how would the dupic cycle alter the CANDU's void coefficient?

Definitely in a good way -- ie. reducing it significantly.

The details are spelled out nicely in Jeremy's FAQ post, referenced by NNadir:
NNadir wrote:
My first guess would be "add plutonium." (One can see more here: Positive Void Coefficient, CANDUs.)

As stated in the linked text, in addition to Pu, an increase in U enrichment above natural level (NU = 0.71% U235) has a similar effect.
The U235 content of LWR SNF varies between 0.8% to 1.0% (by weight) -- this would end up in the DUPIC fuel, along with about 0.8% fissile Pu (or ~1.15% total Pu).

I would also add that there has been much interest in the potential capital-cost reduction by replacing the D2O coolant with H2O and by reducing the overall inventory of D2O (such as by using a smaller lattice pitch and overall calandria size).
This is much tougher to achieve, since the void coefficient with H2O coolant in the fuel channels can be a lot worse, than the classic CANDU design (as a numerical example, the void reactivity of a standard CANDU lattice, 28.575 cm pitch, with H2O PHT, is +70 mk, whereas going from NU to SEU only reduces that to about +67 mk; ....by contrast, reducing lattice pitch from 28 cm to 20 cm reduces void reactivity to ZERO, with the same fuel channels etc.).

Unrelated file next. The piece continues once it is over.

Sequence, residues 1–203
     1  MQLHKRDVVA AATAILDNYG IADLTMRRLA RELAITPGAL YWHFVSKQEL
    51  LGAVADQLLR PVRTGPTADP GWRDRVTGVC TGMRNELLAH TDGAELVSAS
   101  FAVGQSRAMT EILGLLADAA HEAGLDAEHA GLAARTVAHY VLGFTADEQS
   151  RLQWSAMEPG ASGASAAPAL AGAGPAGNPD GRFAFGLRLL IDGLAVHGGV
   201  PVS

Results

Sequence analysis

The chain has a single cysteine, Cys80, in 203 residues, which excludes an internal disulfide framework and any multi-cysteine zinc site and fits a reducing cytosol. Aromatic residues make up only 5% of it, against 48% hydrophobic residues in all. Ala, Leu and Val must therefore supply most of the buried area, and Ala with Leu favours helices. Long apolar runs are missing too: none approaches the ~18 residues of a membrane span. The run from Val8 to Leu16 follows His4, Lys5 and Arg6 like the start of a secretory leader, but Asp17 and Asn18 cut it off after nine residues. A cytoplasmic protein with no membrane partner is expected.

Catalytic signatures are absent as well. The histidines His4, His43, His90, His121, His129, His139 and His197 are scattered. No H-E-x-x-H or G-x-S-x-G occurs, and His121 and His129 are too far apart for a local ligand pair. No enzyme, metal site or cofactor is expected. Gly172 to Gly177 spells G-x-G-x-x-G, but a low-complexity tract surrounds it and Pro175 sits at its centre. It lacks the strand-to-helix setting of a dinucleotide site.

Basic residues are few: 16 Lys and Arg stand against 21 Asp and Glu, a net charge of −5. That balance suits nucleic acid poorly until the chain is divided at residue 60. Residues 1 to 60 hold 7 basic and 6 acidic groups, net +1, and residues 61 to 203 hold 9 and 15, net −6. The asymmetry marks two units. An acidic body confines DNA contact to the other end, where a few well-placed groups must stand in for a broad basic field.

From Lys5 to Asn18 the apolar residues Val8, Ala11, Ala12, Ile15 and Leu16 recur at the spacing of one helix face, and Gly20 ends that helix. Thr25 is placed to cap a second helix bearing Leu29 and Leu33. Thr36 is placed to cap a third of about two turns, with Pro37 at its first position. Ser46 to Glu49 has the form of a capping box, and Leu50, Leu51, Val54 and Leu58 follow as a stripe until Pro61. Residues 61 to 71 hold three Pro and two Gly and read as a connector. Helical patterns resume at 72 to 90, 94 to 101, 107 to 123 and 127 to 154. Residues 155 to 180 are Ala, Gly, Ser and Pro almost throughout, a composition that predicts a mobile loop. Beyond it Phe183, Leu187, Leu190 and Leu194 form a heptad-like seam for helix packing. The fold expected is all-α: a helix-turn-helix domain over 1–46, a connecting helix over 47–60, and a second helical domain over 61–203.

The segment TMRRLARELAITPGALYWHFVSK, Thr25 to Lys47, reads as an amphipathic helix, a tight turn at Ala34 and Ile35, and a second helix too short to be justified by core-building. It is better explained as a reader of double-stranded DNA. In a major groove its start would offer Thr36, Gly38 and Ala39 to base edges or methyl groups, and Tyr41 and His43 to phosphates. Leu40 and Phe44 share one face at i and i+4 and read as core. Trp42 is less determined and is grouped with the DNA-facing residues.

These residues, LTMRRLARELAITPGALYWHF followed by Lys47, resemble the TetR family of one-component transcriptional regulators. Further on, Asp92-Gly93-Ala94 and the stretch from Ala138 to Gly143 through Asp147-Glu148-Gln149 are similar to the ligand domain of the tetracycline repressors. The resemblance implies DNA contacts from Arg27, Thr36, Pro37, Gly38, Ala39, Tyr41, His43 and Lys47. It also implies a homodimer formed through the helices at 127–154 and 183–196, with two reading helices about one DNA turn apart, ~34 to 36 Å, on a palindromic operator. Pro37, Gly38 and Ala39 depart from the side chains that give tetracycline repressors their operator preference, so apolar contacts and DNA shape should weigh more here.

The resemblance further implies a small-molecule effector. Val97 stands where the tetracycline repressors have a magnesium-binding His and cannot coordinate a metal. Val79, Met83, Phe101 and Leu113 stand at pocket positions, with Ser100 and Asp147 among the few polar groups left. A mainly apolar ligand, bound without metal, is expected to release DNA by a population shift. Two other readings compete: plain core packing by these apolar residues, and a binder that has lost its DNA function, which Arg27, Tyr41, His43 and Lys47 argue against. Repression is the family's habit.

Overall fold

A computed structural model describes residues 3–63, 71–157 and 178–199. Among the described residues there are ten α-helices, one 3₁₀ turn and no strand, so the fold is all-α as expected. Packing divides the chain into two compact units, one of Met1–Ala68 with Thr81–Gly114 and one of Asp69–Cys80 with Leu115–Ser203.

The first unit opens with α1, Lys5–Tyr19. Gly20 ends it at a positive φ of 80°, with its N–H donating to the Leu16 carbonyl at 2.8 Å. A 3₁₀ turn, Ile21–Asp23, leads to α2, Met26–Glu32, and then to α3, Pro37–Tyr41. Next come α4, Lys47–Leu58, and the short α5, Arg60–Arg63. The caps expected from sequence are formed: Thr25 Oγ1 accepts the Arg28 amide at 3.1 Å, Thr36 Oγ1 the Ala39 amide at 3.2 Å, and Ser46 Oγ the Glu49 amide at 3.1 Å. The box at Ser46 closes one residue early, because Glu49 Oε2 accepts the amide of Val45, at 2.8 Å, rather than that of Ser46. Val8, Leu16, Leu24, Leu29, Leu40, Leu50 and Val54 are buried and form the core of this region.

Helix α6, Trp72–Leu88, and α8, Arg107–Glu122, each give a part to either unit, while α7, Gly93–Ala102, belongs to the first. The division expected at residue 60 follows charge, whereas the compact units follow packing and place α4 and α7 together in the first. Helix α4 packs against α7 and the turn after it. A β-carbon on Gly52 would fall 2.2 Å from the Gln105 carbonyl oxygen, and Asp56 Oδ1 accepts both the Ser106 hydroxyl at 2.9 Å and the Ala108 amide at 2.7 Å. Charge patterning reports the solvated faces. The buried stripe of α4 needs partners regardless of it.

From "Reactor Physics of NG CANDU" by Chan, P.S.W., Tsang K.T., Buss, D.B. (Proceedings of the Twenty Second Annual Conference of the Canadian Nuclear Society. Toronto, June 2001) :
Quote:
4.0 Comparison of NG CANDU with Other Reactor Designs
Figure 3 compares the NG CANDU reference lattice with the NU CANDU lattice, the
Japanese FUGEN reactor lattice, and the UK SGHWR lattice. The NG CANDU, the FUGEN
reactor and the SGHWR are all channel-type reactors that use H2O as coolant and D2O as
moderator. FUGEN and SGHWR are vertical reactors with boiling H2O coolant. NG CANDU
is a horizontal reactor with pressurized H2O coolant. All three reactor-designs suppress the
coolant-void reactivity by reducing the moderator-to-fuel volume ratio. Furthermore, all three
designs use relatively large calandria tubes to fine-tune this ratio.
FUGEN and the SGHWR use different methods to achieve slightly negative coolant-void
reactivity. The SGHWR used interstitial floodable moderator-displacing tubes to achieve a very
low moderator-to-fuel volume ratio at a relatively large lattice pitch of 26 cm. FUGEN uses
Mixed Oxide (MOX) fuel, with sufficient plutonium content to give a slightly negative
coolant-void reactivity at a lattice pitch of 24 cm
.


In more general terms, an inherent reactivity characteristic of CANDU reactors is a positive void reactivity coefficient, which leads to a power increase following a large LOCA.